Eating healthy with Indian meal

Eating healthy with Indian meal

"Eating healthy" is a buzzword these days and in the ever confusing world of nutritional information, people often misunderstand what this means. In an attempt to actually eat healthily, stay fit amidst all the chaos of work-family life balance, I have tried multiple crash diets, deprived myself of foods that I enjoy, all of which worked ok for a while but did not stop my cravings. It wasn't too short before I began to binge eat.

I went back to my roots, re-assessed what I not only enjoy eating but also what helps my body & mind. I have realised that eating healthy is as simple as a straight line. It is about welcoming a variety and finding the right balance in what you eat. It also means eating real, clean food free from preservatives or chemicals.

Being born and raised in India for almost 20 years, I find it really easy to find this balance with Indian food. Indian food is based on the ancient concept of health called 'Ayurveda' (reference taken from 'Contemporary Indian Cuisine' by Anil Ashokan and Philosophy of Indian Food)

dating back to 1000 BC which explains food is not just about taste buds or sustenance but also about maintaining a healthy body, mind, and soul. The famous phrase 'We are what we eat' has originated from here.

According to Ayurveda, our bodies contain three key elements of fire, air, and water in different proportions which react differently to the types of food we eat. An undesired proportion of these 3 key elements is what causes diseases. Therefore, the fundamentals guiding Indian meals has always been about balancing these 3 elements through the right composition of food. Spices used in Indian food are nature's best medicines. Not only do they intensify the flavour of any dish but are also loaded with antiseptic, antibacterial, anti-cancerous and detoxifying properties making them suitable for any weather condition.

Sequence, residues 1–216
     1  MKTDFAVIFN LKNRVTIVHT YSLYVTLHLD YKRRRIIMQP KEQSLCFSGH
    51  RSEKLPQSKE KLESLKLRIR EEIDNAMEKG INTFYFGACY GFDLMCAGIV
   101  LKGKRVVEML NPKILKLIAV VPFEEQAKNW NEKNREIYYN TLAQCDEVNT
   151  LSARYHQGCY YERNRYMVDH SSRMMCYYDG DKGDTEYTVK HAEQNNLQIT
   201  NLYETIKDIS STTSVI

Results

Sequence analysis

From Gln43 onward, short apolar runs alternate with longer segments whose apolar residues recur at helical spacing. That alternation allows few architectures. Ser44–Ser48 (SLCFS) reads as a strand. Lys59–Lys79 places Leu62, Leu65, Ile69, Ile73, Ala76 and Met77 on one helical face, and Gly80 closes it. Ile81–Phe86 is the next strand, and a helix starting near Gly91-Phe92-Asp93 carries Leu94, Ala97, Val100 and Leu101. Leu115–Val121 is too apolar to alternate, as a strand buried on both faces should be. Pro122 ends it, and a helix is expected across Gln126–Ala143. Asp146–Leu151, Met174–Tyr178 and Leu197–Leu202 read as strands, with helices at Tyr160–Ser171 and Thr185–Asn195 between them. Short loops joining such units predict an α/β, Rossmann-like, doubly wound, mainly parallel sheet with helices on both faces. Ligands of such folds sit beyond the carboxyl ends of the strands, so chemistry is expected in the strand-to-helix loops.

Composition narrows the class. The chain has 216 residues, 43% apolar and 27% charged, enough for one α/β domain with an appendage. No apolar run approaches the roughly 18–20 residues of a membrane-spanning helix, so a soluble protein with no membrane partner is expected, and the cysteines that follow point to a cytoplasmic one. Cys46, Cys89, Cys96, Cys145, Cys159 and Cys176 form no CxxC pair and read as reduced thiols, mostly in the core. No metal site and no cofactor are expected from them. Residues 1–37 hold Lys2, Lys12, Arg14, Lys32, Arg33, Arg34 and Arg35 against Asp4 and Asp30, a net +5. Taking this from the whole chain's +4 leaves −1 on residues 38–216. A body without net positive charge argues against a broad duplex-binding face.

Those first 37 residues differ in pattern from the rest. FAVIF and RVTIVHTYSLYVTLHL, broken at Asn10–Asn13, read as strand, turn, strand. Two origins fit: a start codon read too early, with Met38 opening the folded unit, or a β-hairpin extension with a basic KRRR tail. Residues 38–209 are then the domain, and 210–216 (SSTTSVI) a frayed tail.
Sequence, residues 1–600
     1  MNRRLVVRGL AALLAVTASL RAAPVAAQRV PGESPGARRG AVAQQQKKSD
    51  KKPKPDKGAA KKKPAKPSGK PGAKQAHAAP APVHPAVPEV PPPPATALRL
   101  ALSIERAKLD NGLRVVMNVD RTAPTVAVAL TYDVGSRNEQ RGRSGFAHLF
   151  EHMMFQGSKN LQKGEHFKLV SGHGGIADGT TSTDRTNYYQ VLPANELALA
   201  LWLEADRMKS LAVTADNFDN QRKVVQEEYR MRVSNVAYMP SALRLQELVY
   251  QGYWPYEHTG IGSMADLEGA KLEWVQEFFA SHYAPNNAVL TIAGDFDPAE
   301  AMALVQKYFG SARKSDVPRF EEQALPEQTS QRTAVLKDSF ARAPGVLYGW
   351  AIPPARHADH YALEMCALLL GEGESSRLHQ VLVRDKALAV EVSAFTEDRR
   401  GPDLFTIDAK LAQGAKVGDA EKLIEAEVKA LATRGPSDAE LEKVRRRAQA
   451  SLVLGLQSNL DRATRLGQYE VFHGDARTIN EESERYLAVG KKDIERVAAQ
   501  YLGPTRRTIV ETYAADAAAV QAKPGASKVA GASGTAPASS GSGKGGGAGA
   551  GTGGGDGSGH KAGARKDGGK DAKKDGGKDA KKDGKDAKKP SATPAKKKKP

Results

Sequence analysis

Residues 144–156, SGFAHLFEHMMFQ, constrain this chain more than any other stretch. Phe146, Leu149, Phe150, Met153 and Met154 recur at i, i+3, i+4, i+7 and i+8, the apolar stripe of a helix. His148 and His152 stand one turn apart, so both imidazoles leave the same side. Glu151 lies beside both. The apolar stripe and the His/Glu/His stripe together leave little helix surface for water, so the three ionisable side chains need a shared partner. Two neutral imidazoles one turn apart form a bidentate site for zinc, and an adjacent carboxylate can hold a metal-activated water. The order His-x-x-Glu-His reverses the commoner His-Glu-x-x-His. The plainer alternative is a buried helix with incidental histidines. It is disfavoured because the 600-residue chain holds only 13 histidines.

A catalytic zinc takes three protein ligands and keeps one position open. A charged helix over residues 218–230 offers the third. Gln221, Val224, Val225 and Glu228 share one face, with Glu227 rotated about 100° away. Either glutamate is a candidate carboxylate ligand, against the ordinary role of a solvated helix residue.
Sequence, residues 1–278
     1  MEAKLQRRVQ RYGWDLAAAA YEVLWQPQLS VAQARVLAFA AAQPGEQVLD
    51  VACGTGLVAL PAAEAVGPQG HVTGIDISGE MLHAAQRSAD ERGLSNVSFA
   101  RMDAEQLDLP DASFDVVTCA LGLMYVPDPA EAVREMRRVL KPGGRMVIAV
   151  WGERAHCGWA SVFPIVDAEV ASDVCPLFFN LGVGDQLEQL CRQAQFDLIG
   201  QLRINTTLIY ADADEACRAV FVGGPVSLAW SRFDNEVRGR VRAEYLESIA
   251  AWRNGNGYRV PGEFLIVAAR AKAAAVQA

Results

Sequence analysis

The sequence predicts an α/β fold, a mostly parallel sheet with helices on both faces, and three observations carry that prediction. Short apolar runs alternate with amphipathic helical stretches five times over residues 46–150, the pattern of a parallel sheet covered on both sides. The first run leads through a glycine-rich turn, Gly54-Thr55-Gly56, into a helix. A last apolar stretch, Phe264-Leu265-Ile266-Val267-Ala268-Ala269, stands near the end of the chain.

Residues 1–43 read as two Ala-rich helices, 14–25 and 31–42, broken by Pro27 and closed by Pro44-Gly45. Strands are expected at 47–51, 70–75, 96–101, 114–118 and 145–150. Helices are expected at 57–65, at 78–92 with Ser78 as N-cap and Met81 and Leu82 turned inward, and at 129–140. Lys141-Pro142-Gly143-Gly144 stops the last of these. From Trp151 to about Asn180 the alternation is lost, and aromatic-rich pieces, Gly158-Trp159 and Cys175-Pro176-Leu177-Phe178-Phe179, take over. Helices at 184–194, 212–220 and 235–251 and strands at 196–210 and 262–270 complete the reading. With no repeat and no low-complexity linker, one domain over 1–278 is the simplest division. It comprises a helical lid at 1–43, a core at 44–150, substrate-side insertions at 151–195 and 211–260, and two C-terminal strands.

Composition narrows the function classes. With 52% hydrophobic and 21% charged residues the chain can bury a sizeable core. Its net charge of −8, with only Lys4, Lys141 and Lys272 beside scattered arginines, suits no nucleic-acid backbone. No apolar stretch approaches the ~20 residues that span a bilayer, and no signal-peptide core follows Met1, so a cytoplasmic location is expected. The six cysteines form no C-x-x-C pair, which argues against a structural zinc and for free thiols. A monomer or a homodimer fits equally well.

It is difficult to generalise an Indian meal as it differs from state to state but more or less, follows the same style. To keep it simple and sum it down, a regular Indian household meal (reference taken from 'Contemporary Indian Cuisine by Anil Ashokan) consists of a plate (thali) with carbohydrates (rice or bread), proteins (lentils, meat or fish), vegetables (leafy, starchy, seasonal), dairy (raita), pickles and sometimes a dessert (on special occasions). Fresh seasonal fruits are often enjoyed as a snack in between meals - A perfect eye pleasing satisfying balanced meal! This type of meal plan also concurs with the NHS guide for finding the right balance.

You might be thinking, you wish you had that time and energy to make that kind of food. I've been there and I understand your situation. If you are working and have children to look after, that's two full-time jobs. Suddenly, no time to cook starts meaning eating "whatever" is available which may not necessarily be good for your body or mind. Everybody deserves a long healthy life and 70% of that depends on what we eat, hence my motivation behind starting Vamaya. With nutritious, mouth-watering Indian delicacies, Vamaya not only inspires you to eat well but also makes it easy by delivering them at your doorstep. Leave the meal making to us and enjoy your time for yourself.

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